On the night of August 1, Italian police arrested three people and declared another three wanted. They are accused of recruiting and financing mercenaries for pro-Russian forces in the Donbas. The investigation, which has been ongoing since 2013, has been called “Operation 88” – a reference to the the fascist greeting “Heil Hitler!”. This was the greeting suspects exchanged in telephone conversations. Most detainees are involved in the ultra right Italian forces. In particular, they are associated with the League party – previously known as Lega Nord – which currently hold seats in the Italian government. So far six arrest warrants have been issued, three people have been detained, and there are three others in hiding – presumably in occupied Donbas. Another seven suspects have had their houses searched. This is how Italian police are hunting for members of a criminal group involved in recruiting mercenaries to fight with Russian-backed separatists in the Donbas. Some of the 15 suspects personally participated in active combat against Ukrainian troops. Mercenaries, unlike contract soldiers, are outlawed in Italy. They face 4 to 15 years in prison. And Italian police have no doubt that these people were mercenaries. From intercepted telephone conversations, it is evident that the suspects received money for their work and even complained they were underpaid. During the interview, the figure they cited was 400 euros per month, but the Italian press writes that mercenaries who work on the frontline earn up to 50,000 euros. However, who pays for their services remains unclear. (…) Palmeri openly calls himself a fascist and sports a swastika tattoo on his shoulder. The prosecutors suspect that he is the main liaison between the Italian mercenaries and the Putin commanders in the Donbas. However, it’s not only the ultra-right who fight for the self-proclaimed Luhansk People’s Republic (LPR) and Donetsk People’s Republic (DPR.) One of the suspects has extreme left views. Mercenaries tend to be united by the Eurasian ideology of Russian philosopher Aleksandr Dugin and the idea of a “great Russia,” which opposes the “fallen” West. In addition to Palmeri, at least two other mercenaries are hiding in the Donbas. They are Gabriele Carugati, son of the former head of the Northern League’s local branch in the Lombardy region and Massimiliano Cavalleri, another resident of the region.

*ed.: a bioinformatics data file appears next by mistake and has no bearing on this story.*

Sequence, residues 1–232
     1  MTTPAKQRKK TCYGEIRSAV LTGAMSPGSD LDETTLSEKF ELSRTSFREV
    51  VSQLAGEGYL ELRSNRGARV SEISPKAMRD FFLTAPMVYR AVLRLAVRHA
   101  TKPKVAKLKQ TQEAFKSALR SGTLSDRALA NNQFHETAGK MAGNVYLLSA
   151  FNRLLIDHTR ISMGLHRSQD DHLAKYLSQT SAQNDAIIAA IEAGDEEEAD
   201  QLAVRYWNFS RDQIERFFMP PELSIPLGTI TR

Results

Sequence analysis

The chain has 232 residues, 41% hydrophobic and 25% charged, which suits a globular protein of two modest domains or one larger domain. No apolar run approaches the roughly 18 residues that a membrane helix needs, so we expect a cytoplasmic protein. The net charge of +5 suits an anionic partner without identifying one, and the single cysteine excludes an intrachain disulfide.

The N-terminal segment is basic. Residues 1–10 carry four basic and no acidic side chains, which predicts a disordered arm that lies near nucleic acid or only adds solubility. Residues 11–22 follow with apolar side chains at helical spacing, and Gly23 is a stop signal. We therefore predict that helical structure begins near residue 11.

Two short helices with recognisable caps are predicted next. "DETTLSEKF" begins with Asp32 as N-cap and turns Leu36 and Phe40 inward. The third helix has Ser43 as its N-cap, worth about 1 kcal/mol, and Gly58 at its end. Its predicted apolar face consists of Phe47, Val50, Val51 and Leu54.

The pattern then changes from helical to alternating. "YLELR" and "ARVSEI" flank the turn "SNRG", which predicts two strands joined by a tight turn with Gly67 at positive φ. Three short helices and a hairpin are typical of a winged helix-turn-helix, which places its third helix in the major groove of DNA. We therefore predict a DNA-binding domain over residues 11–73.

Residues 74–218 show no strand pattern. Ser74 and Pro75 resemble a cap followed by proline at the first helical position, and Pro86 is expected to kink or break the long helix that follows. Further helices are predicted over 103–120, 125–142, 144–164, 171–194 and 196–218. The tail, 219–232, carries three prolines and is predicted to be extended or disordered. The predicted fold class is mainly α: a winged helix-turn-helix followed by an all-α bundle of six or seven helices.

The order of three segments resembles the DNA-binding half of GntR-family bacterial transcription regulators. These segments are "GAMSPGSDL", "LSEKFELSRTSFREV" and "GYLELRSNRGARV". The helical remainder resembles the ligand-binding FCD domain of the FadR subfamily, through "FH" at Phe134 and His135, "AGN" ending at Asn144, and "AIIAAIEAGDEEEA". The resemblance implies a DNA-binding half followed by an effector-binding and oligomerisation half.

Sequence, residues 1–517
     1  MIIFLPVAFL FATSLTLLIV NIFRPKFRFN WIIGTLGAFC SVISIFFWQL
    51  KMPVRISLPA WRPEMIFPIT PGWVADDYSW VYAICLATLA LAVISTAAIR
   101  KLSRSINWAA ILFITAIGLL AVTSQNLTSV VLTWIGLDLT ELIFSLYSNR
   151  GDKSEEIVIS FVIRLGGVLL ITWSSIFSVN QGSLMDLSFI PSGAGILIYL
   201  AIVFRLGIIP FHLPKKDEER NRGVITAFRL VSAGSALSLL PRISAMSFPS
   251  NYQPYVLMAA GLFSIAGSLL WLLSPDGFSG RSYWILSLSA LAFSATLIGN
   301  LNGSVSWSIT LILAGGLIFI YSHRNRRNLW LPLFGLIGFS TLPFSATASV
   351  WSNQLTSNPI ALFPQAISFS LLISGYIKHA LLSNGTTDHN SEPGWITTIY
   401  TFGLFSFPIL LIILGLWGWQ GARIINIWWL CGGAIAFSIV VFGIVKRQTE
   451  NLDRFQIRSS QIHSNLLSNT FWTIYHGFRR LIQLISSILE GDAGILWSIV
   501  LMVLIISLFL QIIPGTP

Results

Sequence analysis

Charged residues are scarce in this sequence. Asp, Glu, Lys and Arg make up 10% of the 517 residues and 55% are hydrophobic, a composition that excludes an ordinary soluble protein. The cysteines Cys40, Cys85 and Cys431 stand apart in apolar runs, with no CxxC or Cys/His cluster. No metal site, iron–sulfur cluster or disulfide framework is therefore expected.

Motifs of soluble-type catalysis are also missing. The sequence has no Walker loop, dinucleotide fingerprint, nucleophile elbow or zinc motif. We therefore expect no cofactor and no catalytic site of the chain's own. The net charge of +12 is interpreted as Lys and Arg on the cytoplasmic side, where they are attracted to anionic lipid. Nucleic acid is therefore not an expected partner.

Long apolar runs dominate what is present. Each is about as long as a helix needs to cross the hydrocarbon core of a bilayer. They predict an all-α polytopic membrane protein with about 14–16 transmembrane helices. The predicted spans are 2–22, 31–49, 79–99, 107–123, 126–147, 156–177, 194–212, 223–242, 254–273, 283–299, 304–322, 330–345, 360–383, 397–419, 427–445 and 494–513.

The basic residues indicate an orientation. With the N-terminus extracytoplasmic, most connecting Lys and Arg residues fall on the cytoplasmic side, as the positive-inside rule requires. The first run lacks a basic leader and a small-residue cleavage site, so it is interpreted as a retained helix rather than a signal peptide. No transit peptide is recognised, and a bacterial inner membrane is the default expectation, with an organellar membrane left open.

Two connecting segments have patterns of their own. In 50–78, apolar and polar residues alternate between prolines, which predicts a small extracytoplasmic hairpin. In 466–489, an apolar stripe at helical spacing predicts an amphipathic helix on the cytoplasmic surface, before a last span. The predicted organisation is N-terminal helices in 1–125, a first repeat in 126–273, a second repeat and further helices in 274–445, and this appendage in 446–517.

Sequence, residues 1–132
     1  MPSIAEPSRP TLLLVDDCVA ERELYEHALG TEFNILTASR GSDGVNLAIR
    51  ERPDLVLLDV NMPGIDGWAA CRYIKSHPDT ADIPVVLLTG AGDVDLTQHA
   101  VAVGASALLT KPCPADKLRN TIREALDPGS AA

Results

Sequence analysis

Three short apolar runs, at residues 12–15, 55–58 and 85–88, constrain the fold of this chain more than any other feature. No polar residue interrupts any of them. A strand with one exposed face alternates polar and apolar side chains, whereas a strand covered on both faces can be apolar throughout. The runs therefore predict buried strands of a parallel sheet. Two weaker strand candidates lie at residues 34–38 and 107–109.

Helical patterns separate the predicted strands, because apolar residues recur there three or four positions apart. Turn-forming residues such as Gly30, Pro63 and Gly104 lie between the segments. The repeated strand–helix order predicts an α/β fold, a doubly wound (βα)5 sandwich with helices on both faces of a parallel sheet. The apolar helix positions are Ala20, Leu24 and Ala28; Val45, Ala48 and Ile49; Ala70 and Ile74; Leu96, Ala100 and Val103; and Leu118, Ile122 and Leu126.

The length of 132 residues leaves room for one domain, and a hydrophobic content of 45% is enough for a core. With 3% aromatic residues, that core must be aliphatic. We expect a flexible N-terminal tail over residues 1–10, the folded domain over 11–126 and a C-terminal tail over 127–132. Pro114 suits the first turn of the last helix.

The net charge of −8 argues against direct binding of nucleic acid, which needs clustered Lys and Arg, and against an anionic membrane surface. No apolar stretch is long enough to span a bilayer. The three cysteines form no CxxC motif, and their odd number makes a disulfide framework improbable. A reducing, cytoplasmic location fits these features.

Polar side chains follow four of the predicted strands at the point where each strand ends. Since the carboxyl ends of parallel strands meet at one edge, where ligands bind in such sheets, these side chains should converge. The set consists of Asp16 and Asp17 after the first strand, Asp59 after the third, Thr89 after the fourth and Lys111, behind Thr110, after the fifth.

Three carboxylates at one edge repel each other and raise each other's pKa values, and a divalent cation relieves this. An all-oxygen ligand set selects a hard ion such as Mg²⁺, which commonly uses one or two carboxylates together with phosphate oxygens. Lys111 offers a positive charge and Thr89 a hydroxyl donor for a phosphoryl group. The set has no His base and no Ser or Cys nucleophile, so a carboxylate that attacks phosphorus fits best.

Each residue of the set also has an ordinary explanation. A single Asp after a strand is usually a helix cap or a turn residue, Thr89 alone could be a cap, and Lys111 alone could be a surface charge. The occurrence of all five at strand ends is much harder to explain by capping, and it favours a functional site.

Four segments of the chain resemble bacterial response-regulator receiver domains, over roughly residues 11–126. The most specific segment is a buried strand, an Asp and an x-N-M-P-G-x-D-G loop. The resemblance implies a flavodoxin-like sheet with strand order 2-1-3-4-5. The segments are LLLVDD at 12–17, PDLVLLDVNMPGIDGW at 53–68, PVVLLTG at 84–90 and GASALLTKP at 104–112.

“Operation 88”: How Are Mercenaries in Donbas Connected With Italian Leadership?
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